Ally Financial Inc. warned profit may grow less than anticipated only a few months ago, the latest sign that automakers’ heavy discounting and aggressive use of leasing to boost sales has created a supply glut hurting lenders and rental-car companies.
Earnings may increase as little as 5 percent this year, Ally said Tuesday, after Chief Executive Officer Jeffrey Brown in January predicted growth “shy of 15 percent but still very solid.” The caution raised by the Detroit-based company dragged on shares of rental companies and auto dealer groups including Hertz Global Holdings Inc. and AutoNation Inc.
Concern is mounting over falling used-car values dragging on lenders including Ford’s financial-services unit. Consumers have turned to leasing more than ever to lower their monthly payments on new vehicles that have been selling at record high prices in the U.S. Surging numbers vehicles coming off leases is fueling a supply glut and dragging down prices. The National Automobile Dealers Association’s Used Car Guide index declined 3.8 percent in February, the eighth consecutive drop and the steepest since November 2008.
“We’ve seen a pretty dramatic move in 2016” and “we think that continues,” Chris Halmy, Ally’s chief financial officer, said in reference to the company’s expectation used-car prices will drop by about 5 percent in 2017, similar with last year.
Ally slumped as much as 2.7 percent and was down 2.3 percent to $20.64 as of 12:49 p.m. in New York trading. Shares plunged as much as 10 percent for Hertz and 9.5 percent at Avis Budget Group Inc. The stocks of dealer groups including AutoNation and Penske Automotive also dropped.
Used-car price declines can force auto lenders to boost provisions against future losses, since the collateral on their loans is becoming less valuable. Falling vehicle values also reduces the amounts finance companies can recover on repossessed cars.
While Ally had expected a 5 percent drop in used-car prices in the near term, the lender saw a 7 percent slide in the first quarter, which could cost $15 million to $20 million, Halmy said during a Tuesday conference call with analysts.
“Used-vehicle prices continue to decline at a manageable rate, but a bit higher than last year’s pace,” he said. “We do expect the used-car market to rebound more in the second quarter.”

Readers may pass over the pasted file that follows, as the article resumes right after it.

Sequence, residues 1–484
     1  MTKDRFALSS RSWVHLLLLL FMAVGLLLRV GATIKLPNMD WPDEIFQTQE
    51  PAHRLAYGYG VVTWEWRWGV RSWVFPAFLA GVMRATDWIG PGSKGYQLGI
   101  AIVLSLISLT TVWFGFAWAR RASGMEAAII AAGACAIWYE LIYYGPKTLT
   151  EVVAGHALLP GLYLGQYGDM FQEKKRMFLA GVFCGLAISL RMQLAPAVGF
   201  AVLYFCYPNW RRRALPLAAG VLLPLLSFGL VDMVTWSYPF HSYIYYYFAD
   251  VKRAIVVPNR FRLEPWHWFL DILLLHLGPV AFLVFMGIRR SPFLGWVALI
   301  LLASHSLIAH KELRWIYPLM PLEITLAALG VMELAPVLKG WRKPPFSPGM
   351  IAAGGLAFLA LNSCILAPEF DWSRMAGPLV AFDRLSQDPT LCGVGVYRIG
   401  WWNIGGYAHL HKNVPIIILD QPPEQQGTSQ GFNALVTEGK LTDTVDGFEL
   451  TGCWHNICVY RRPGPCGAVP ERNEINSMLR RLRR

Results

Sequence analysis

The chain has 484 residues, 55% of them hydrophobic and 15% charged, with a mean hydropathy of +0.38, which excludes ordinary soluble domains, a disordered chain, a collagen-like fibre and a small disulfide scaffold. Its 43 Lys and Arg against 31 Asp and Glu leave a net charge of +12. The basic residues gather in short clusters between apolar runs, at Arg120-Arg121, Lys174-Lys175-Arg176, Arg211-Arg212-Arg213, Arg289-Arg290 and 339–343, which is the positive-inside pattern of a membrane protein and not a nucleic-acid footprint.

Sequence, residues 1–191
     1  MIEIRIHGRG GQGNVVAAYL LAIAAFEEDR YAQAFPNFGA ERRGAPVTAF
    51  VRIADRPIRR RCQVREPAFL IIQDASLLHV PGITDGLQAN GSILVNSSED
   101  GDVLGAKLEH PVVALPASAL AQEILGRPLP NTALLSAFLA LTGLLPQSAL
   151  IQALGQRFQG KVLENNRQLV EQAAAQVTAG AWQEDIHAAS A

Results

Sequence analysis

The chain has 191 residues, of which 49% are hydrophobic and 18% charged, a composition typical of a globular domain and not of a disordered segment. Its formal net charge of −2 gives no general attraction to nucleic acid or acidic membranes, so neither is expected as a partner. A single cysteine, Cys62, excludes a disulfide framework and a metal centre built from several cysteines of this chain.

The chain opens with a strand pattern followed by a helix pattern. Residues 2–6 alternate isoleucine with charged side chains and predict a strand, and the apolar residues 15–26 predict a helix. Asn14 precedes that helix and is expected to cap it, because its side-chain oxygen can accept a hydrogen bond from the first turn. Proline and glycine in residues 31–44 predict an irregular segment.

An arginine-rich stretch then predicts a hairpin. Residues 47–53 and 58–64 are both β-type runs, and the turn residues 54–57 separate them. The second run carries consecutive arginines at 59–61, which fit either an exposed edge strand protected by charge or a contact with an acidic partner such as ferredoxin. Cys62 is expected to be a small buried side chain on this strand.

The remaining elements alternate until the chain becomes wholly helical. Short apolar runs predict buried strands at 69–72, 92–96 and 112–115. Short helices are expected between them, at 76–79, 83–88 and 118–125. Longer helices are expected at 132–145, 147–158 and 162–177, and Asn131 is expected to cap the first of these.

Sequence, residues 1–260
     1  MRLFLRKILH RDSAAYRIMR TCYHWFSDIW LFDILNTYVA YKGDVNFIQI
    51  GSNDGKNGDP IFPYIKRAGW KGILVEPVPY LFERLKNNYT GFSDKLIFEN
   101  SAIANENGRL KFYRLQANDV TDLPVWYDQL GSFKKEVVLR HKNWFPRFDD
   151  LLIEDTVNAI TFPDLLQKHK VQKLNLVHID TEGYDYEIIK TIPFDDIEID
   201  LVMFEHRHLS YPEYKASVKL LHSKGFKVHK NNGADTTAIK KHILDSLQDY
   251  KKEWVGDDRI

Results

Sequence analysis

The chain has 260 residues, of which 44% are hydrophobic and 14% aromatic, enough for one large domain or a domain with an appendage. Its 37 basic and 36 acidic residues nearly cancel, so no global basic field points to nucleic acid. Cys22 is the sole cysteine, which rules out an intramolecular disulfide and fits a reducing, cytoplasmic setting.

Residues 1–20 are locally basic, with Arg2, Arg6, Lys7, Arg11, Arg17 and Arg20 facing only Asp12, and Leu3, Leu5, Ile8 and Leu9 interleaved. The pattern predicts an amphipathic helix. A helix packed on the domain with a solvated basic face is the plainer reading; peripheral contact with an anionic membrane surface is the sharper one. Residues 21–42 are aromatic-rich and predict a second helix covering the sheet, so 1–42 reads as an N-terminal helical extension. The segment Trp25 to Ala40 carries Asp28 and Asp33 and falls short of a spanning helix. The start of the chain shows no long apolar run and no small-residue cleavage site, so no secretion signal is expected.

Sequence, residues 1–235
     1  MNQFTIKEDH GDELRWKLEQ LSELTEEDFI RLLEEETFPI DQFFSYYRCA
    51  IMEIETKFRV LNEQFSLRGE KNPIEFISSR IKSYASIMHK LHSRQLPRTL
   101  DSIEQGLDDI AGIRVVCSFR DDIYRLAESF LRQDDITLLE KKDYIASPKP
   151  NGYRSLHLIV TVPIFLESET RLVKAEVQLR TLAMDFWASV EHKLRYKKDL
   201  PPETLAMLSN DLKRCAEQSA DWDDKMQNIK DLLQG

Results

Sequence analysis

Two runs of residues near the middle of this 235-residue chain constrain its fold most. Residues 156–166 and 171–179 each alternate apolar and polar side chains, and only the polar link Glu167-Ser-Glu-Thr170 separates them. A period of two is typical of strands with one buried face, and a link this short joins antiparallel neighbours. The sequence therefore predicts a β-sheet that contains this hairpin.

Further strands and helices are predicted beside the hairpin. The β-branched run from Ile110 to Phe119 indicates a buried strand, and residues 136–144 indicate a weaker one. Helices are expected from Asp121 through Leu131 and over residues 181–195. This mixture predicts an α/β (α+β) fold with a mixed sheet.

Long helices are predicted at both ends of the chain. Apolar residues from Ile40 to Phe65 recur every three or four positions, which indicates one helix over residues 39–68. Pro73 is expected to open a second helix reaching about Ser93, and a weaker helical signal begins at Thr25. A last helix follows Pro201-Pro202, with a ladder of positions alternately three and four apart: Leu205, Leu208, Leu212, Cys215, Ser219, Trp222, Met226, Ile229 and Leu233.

Ally shares dropped 3.8 percent last week after the company announced it would hold Tuesday’s conference call, on speculation the lender was signaling bad news to come. The company said it expects to set aside $280 million to $290 million in provisions in the first quarter, topping the $240 million average estimate of analysts surveyed by Bloomberg.
Net financing revenue will be “fairly flat” while non-interest expenses could drop to between $755 million and $765 million in the first quarter, the company said. Ally joined Santander Consumer USA Holdings Inc. in flagging signs of weakness within the subprime car loan market.
“Consumer losses have also been drifting higher, most notably in lower credit tiers,” Halmy said. “While we’re a bit more cautious on the credit side because of these dynamics, we’re still very constructive on the market as a whole.”
When companies lease out vehicles, they charge the customer a monthly payment and make an assumption of the car or truck’s value when it’s returned for resale. If autos are depreciating more than expected, losses can pile up. That’s what happened with Ford, which shaved $300 million from its financial-services arm’s 2017 profit forecast last year.
Ally’s projection for earnings-per-share growth in the range of 5 to 15 percent this year compares with an 8 percent increase for 2016.
The finance arms of Toyota, Honda, and Nissan may also see operating profit drop this year because of declining used-car values, Takaki Nakanishi, an analyst at Jefferies Group, wrote in reports last month.
“Auto we think is going to slow down because people will stress on credit,” Jamie Dimon, chief executive officer of JPMorgan Chase, said at the company’s investor day on Feb. 28. “You’re going to see some issues there, but it’s not systemic.”